The U.S. Senate
The purpose of The United States Senate Committee on Indian Affairs is to study the unique problems of Native American, Native Hawaiian, and Native Alaskan people and to propose legislation to alleviate these difficulties.
NATHPO Testimony to the House Interior Appropriations Subcommittee on the President's Fiscal Year 2013
On March 28, 2012, NATHPO testified before the U.S. House of Representatives Appropriations SubCommittee on the Interior, Environment, and Related Agencies programs tomorrow. Click here for the NATHPO testimony. For all Native American written testimony, go to the committee's website: http://appropriations.house.gov/Subcommittees/Subcommittee/
NATHPO Testifies before U.S. Senate Subcommittee on National Parks
NATHPO testifies before the U.S. Senate Subcommittee on National Parks On November 5, 2011, NATHPO testified before Senator Mark Udall, Chairman, Senate Subcommittee on National Parks, on cultural and historic resources issues and the national park system.
NATHPO Testimony for Senate Committee on Indian Affairs
On June 16, 2011, the Senate Committee on Indian Affairs held an oversight hearing on NAGPRA and other repatriation laws. Click here for webcast to watch the hearing and to read the witnesses' written testimony.
Click here to read NATHPO's written testimony for the hearing record.
NATHPO Testifies on NAGPRA to the U.S. House of Representatives Full Committee on Natural Resources
On October 7, 2009, the National Association of Tribal Historic Preservation testified before the U.S. House of Representatives Committee on Natural Resources, which held a full committee oversight hearing on the Native American Graves Protection and Repatriation Act (NAGPRA).
The U.S. House of Representatives
Government Documents and Resources
THOMAS, launched by the Library of Congress in 1995, offers information about House and Senate bills, votes, and committees. It includes the Congressional Record and historical documents from 1774-1798.
Search GAO's databases to find reports evaluating government programs and activities for Native American housing, job training, and health care. U.S. Code
The Office of the Law Revision Counsel prepares and publishes the United States Code, which is a consolidation and codification by subject matter of the general and permanent laws of the United States.
The Code of Federal Regulations (CFR) is the codification of the general and permanent rules published in the Federal Register by the executive departments and agencies of the Federal Government. It is divided into 50 titles that represent broad areas subject to Federal regulation. Each volume of the CFR is updated once each calendar year and is issued on a quarterly basis.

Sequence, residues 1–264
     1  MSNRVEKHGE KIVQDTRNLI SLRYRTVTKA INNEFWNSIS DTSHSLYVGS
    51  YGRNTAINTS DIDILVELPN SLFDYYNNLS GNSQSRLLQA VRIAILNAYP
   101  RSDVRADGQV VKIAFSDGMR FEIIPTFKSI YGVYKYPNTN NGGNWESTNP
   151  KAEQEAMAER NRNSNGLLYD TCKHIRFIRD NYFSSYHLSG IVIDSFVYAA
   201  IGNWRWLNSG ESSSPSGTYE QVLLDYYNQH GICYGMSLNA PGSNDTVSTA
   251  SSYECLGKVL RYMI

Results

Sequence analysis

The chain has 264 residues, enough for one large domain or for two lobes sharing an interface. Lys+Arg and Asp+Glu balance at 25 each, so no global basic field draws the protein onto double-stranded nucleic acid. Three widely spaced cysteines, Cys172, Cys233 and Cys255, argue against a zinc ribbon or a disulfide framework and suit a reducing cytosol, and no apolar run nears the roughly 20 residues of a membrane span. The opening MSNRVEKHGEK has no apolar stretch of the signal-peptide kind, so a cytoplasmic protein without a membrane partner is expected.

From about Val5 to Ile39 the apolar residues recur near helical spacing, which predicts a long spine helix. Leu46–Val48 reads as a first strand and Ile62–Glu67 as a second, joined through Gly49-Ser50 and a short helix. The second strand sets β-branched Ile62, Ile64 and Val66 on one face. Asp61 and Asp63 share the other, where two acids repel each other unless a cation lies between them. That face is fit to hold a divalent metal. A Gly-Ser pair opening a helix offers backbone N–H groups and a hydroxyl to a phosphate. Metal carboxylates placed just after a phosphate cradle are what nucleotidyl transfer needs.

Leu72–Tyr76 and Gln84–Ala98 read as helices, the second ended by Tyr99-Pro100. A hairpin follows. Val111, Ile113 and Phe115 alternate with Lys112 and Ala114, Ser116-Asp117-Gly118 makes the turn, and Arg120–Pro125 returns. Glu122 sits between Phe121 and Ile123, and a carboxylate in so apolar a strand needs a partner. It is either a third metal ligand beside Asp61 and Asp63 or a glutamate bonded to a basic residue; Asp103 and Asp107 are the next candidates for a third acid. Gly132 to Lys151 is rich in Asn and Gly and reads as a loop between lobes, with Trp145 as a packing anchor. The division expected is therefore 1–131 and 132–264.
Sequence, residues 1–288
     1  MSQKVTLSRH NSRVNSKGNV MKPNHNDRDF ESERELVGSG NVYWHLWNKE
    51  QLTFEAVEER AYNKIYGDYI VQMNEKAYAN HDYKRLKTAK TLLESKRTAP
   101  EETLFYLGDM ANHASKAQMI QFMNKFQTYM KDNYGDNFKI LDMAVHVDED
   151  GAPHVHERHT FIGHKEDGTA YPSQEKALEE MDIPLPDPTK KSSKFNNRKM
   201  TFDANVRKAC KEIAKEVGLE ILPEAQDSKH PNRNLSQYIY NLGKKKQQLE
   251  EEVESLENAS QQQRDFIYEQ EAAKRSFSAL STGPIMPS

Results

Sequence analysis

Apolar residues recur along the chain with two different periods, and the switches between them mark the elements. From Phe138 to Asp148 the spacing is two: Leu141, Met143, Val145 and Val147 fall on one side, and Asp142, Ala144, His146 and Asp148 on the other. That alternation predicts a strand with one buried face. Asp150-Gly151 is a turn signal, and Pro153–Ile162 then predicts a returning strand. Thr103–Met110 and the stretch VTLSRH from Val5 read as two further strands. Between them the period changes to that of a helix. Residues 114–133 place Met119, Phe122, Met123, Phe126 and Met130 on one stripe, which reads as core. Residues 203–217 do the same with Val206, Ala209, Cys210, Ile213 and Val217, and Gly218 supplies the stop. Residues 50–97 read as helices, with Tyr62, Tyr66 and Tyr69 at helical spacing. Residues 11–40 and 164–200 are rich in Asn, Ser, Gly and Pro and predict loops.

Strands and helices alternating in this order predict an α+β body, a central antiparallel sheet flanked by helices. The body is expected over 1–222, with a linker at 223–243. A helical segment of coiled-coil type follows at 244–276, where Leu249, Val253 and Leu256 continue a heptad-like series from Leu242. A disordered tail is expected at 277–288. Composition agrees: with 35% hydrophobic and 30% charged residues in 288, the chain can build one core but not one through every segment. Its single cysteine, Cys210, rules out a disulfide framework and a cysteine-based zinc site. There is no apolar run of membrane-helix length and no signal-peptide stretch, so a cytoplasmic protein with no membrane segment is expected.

The List of CFR Sections Affected lists proposed, new, and amended Federal regulations that have been published in the Federal Register since the most recent revision date of a CFR title. Each LSA issue is cumulative and contains the CFR part and section numbers, a description of its status (e.g., amended, confirmed, revised), and the Federal Register page number where the change(s) may be found. It is published by the Office of the Federal Register, National Archives and Records Administration.
The Congressional Record is the official record of the proceedings and debates of the United States Congress. It is published daily when Congress is in session. GPO Access contains Congressional Record volumes from 140 (1994) to the present. At the back of each daily issue is the "Daily Digest," which summarizes the day's floor and committee activities.
The current year's Congressional Record database is usually updated daily by 11 a.m. , except when a late adjournment delays production of the issue. Documents are available as ASCII text and Adobe Portable Document Format (PDF) files.
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As the official handbook of the Federal Government, the United States Government Manual provides comprehensive information on the agencies of the legislative, judicial, and executive branches. It also includes information on quasi-official agencies, international organizations in which the United States participates, and boards, commissions, and committees. The Manual begins with reprints of the Declaration of Independence and the U.S. Constitution. The new edition of the Manual is available annually in late summer.
Find, review, and submit comments on Federal rules open for comment. On this site, you can find, review, and submit comments on Federal documents that are open for comment and published in the Federal Register , the Government's legal newspaper. As a member of the public, you can submit comments about these regulations, and have the Government take your views into account.
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Earlier Sessions of Congress